Disquiet Junto Project 0477: Flying Blind

Disquiet Junto Project 0477: Flying Blind

The Assignment: Record a piece of music in which some substantial portion is performed without looking.

There is just one step this week.

Step 1: Play something blind. That is to say, record a piece of music in which some substantial portion is performed without looking.

Seven More Important Steps When Your Track Is Done:

Step 1: Include “disquiet0477” (no spaces or quotation marks) in the name of your tracks.

Step 2: If your audio-hosting platform allows for tags, be sure to also include the project tag “disquiet0477” (no spaces or quotation marks). If you’re posting on SoundCloud in particular, this is essential to subsequent location of tracks for the creation of a project playlist.

Step 3: Upload your tracks. It is helpful but not essential that you use SoundCloud to host your tracks.

Step 4: Post your tracks in the following discussion thread at llllllll.co:


Step 5: Annotate your tracks with a brief explanation of your approach and process.

Step 6: If posting on social media, please consider using the hashtag #disquietjunto so fellow participants are more likely to locate your communication.

Step 7: Then listen to and comment on tracks uploaded by your fellow Disquiet Junto participants.

Additional Details:

Deadline: This project’s deadline is the end of the day Monday, February 22, 2021, at 11:59pm (that is, just before midnight) wherever you are. It was posted on Thursday, February 18, 2021.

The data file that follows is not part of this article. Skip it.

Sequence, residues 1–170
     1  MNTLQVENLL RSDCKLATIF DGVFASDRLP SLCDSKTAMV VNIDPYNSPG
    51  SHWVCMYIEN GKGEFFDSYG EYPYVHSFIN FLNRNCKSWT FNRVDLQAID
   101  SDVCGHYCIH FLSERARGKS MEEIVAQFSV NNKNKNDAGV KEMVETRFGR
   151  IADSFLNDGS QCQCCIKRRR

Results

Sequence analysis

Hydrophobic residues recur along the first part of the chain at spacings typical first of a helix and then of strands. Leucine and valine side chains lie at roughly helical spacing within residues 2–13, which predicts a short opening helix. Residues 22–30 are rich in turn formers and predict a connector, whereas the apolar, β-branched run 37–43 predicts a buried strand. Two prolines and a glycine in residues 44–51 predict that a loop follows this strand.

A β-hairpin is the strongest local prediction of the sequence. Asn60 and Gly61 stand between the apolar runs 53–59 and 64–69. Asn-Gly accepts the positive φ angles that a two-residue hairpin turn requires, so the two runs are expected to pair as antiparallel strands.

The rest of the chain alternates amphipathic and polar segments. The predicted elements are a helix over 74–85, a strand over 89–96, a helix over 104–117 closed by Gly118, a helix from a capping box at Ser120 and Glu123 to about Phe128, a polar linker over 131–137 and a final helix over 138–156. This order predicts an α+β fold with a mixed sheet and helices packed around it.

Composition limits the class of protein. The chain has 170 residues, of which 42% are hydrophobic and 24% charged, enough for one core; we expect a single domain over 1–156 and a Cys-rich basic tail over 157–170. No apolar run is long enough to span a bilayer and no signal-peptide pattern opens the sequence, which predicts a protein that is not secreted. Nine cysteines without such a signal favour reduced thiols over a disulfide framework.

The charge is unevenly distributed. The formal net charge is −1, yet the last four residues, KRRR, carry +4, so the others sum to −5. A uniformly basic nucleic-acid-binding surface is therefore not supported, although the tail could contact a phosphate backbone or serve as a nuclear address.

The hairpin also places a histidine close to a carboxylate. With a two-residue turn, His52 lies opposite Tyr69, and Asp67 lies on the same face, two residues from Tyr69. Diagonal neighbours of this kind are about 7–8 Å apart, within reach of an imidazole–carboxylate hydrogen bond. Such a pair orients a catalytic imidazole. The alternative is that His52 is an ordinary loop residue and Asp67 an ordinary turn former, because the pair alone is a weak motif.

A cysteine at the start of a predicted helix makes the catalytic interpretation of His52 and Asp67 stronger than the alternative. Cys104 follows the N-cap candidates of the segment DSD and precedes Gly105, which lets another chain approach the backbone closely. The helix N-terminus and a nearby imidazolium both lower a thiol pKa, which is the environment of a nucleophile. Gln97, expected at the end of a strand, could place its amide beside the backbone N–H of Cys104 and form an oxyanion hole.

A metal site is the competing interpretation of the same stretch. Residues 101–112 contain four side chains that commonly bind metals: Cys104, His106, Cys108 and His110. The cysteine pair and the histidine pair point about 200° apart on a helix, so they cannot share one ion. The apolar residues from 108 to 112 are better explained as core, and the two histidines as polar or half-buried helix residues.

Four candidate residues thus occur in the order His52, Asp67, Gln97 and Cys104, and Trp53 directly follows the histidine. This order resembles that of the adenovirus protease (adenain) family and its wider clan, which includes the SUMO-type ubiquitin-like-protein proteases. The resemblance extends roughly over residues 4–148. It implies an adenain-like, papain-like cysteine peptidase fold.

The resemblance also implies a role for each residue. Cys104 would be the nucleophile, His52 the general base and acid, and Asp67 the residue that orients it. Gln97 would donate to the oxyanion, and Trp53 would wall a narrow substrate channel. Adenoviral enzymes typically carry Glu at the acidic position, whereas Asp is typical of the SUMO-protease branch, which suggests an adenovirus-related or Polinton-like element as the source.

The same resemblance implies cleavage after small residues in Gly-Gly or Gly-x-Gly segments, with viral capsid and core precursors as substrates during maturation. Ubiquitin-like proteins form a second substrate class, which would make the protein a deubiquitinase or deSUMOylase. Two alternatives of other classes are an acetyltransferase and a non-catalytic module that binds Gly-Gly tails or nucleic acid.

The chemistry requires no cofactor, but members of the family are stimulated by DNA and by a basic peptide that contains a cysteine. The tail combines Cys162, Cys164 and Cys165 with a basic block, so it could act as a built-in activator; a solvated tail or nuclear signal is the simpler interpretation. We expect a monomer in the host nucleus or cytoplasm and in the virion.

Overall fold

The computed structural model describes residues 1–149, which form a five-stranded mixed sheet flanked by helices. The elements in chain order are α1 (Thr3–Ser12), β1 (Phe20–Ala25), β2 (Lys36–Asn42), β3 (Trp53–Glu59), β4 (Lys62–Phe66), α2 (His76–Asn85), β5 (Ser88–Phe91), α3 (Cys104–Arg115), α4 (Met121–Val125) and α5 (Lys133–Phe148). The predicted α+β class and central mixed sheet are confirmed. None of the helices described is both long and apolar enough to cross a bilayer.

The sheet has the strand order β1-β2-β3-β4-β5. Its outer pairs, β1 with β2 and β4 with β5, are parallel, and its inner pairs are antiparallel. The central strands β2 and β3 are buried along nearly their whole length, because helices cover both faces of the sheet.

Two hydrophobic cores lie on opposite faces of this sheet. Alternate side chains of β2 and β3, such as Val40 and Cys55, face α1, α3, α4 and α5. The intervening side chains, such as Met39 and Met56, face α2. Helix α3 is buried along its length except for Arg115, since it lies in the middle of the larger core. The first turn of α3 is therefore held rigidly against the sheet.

Length: The length is up to you. (You’re closing your eyes, not holding your breath.)

Title/Tag: When posting your tracks, please include “disquiet0477” in the title of the tracks, and where applicable (on SoundCloud, for example) as a tag.

Upload: When participating in this project, be sure to include a description of your process in planning, composing, and recording it. This description is an essential element of the communicative process inherent in the Disquiet Junto. Photos, video, and lists of equipment are always appreciated.

Download: It is always best to set your track as downloadable and allowing for attributed remixing (i.e., a Creative Commons license permitting non-commercial sharing with attribution, allowing for derivatives).

For context, when posting the track online, please be sure to include this following information:

More on this 477th weekly Disquiet Junto project – Flying Blind (The Assignment: Record a piece of music in which some substantial portion is performed without looking.) – at: